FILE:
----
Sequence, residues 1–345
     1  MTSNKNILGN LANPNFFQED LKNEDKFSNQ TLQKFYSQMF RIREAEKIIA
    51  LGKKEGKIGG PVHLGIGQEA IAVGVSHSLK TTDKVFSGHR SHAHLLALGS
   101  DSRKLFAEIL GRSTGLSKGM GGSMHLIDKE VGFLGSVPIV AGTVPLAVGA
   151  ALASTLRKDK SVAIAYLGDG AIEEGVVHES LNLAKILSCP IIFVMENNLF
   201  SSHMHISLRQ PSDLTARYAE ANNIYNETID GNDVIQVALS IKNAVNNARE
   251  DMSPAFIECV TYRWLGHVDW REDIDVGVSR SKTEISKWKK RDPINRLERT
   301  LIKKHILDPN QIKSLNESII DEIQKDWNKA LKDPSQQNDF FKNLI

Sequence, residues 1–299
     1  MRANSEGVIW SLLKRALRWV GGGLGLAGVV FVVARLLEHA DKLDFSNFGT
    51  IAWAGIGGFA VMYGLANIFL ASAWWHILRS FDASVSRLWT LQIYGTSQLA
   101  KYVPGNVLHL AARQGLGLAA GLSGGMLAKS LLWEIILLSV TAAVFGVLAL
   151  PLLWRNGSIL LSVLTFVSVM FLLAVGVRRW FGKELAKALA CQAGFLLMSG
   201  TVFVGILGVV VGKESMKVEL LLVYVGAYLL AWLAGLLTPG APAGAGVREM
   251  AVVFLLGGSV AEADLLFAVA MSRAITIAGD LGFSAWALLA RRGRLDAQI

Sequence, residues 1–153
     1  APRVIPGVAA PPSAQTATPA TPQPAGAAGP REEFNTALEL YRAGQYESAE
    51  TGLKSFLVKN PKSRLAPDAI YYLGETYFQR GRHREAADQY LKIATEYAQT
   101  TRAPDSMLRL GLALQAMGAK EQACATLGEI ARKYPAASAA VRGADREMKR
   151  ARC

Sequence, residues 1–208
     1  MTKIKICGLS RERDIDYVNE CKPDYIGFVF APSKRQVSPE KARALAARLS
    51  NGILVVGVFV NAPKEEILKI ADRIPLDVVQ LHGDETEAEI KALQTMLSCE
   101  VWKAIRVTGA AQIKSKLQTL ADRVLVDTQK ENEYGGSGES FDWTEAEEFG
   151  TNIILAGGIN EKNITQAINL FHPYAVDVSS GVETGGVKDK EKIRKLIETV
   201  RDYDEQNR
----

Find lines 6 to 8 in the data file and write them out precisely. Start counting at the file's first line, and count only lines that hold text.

   201  SSHMHISLRQ PSDLTARYAE ANNIYNETID GNDVIQVALS IKNAVNNARE
   251  DMSPAFIECV TYRWLGHVDW REDIDVGVSR SKTEISKWKK RDPINRLERT
   301  LIKKHILDPN QIKSLNESII DEIQKDWNKA LKDPSQQNDF FKNLI